Work Place Violence: Looking Out for Each Other

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An article in InvestmentNews Daily on March 12 by Bruce Kelly describes the terror experienced by a company in the same building where a gunman shot two brokers (father and son): “My people were scared to death.” Apparently, the company employees, clients and owner heard about the incident by way of a television report and also public announcement in the building.

While we can’t eliminate the possibility of work place violence, we can certainly find ways to reduce the potential and also make our work place safe and enjoyable. Focus on observation and looking out for each other coupled with an environment that encourages communication.

It’s good to be an optimist! Let’s apply that optimism where it can best help others and our work place. I am sure you have talked with your clients and employees over the last year and a half regarding the economy and how to continue working together to reach the clients’ and the business’s financial goals. People have been part of this emotional and financial upheaval. Just as it seems things may be “looking up,” there still may be some emotional downturns affecting people. Let’s talk to our employees about how to be on the lookout for behaviors in others that could signal problems ahead.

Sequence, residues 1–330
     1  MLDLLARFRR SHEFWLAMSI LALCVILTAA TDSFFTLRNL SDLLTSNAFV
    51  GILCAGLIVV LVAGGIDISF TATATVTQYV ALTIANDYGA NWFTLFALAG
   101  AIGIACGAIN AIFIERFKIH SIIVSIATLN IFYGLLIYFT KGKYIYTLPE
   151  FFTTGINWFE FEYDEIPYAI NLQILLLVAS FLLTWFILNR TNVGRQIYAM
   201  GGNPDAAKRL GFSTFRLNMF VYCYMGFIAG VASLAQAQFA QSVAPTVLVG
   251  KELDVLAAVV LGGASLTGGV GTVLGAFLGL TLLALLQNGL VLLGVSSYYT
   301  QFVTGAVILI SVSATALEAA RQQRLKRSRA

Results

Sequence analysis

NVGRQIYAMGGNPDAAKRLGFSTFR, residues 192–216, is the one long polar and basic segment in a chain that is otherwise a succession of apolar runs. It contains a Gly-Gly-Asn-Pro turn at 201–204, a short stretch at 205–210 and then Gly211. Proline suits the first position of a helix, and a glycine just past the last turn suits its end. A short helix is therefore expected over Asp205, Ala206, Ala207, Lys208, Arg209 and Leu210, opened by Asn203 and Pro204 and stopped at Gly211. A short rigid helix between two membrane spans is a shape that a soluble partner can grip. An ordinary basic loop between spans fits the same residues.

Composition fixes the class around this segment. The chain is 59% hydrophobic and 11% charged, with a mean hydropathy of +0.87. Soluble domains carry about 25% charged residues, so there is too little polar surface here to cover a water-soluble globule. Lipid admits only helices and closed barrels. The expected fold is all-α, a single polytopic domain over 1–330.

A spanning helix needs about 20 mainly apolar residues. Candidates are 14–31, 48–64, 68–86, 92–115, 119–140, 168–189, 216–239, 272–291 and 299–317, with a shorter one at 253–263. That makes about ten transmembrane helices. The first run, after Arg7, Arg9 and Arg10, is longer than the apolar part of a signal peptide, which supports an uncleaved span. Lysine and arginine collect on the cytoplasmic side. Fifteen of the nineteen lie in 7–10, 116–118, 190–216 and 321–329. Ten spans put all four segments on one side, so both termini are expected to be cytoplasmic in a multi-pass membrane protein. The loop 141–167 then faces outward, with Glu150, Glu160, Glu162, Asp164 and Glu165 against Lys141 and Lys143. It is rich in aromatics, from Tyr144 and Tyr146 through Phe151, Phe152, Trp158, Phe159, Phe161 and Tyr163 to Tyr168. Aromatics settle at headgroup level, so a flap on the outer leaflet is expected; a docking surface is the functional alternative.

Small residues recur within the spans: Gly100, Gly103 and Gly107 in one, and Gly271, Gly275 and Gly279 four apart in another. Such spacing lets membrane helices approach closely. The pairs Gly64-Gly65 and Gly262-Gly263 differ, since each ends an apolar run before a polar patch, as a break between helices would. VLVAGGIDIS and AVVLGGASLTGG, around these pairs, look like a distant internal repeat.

1. Use this current event to talk to employees about instituting a “watch out for each other” campaign that involves the clients as well. Instead of announcing a policy, talk about what you as the business owner want to achieve—a work place safe and enjoyable to come to. Talk about how it takes everyone’s work  and care to make that happen.

2. Ask employees for their  input on a work place policy (if you don’t have one already). Make sure employees understand that there is a safe and confidential process (beyond reproach or retribution) where they can come and talk about someone’s behavior or issues they are experiencing themselves.

Make sure the policy has accountability—that inappropriate behavior in the work place is addressed in a fair and immediate manner.

3. Find out what your local and state laws require for work place harassment and violence policies. Use your experts in the human resource and legal field to help you establish new policies or to review your current  policies and procedures.

4. Train employees, supervisors and yourself  to be aware of certain behaviors and comments from clients, employees and others who call in or visit the office. Here are some examples:

  • People who try to minimize a stressful, emotional event through denial or blaming others.
  • People who change behavior – coming late to work (related to emotional stress, etc.), lacking energy, seeming distracted, not participating or communicating as usual.  

Your employees are your best sources of information.

5. Whenever you have to escort a terminated employee off the premises, change locks and passwords immediately. Have a policy for terminated employees to contact you and for how they can arrive at the company property at a later date. Make that policy know to the remaining employees.

Have a policy for how employees should communicate when a disruptive person is on the premise—who communicates to this person and how emergency personnel are contacted.

If you would like a sample template to get you started (which requires review by human resource and legal consultants), please email me at

Mary Dunlap, CFP®
Mary Dunlap Consulting
Pottstown, Pa.

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